Anyway.  Spoiler alert aborted.

The rest of the stories were so-so.  'Becoming,' by Nancy Springer, was an interesting take at a daughter of a Gorgon in modern-day New York.

'Linnea' by D.J. Malcolm could have had promise, but I didn't especially care whether Linnea, the MC, lived or died, which sort of hurt the execution.

'Water's Edge' by Janni Lee Simner also could have been really good - selkies!  Nobody writes about selkies!  But it was just okay, too, also due to an MC I couldn't care less for.

Tim Waggoner wrote 'Soaring,' which I really expected to like - about Icarus, a boy with wings (surprise, surprise).  It was better, but still not especially enthralling.  I just wanted to smack Bethany for being so annoying.  And the ending was a bit weak.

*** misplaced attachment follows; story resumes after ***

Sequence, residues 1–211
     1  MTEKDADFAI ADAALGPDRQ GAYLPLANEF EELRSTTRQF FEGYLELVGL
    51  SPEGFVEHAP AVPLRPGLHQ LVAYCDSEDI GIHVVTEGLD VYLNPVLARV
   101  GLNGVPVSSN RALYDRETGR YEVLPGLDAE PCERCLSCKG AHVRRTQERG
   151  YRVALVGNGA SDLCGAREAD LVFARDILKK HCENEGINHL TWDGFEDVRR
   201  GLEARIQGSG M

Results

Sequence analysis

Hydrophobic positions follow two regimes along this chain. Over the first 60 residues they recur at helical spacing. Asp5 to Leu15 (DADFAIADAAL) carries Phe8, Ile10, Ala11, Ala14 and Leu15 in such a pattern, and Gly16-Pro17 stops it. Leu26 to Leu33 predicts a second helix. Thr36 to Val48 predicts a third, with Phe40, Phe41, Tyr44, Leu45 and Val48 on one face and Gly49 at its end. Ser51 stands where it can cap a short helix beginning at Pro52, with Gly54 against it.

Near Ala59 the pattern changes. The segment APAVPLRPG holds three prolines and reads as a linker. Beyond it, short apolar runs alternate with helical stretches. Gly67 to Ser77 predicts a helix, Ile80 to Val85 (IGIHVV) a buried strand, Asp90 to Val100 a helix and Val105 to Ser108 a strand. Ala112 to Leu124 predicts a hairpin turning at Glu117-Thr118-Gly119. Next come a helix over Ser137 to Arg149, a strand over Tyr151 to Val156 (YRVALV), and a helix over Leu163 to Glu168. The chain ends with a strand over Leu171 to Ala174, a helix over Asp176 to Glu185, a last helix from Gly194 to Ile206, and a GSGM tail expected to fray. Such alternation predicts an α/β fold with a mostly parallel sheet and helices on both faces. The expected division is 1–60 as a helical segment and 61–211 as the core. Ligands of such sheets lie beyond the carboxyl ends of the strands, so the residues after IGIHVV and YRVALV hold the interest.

'How To Make A Human' by Lawrence Shimel was a depressing bit of humans-are-worthless-animals-are-awesome poetry which left me with a bad taste in my mouth stylistically as well as thematically (apparently you can just write some blocks of text and then separate them into lines and call it poetry).

So, if you're in the mood for some half-human tales, then... well, I recommend a couple stories.  But it's not a must-read by any means.

Saturday, May 19, 2012

Persy -- I Am Here! Vol. 1 by Ema Toyama

I have this unwritten rule for myself that I don't review manga or graphic novels, because I can't help but feel like I'm not qualified. But why shouldn't I be? I'm going to DO IT! (in other words, I don't feel like putting the effort into writing an actually coherent review about a book, and would rather gush incoherently about something else).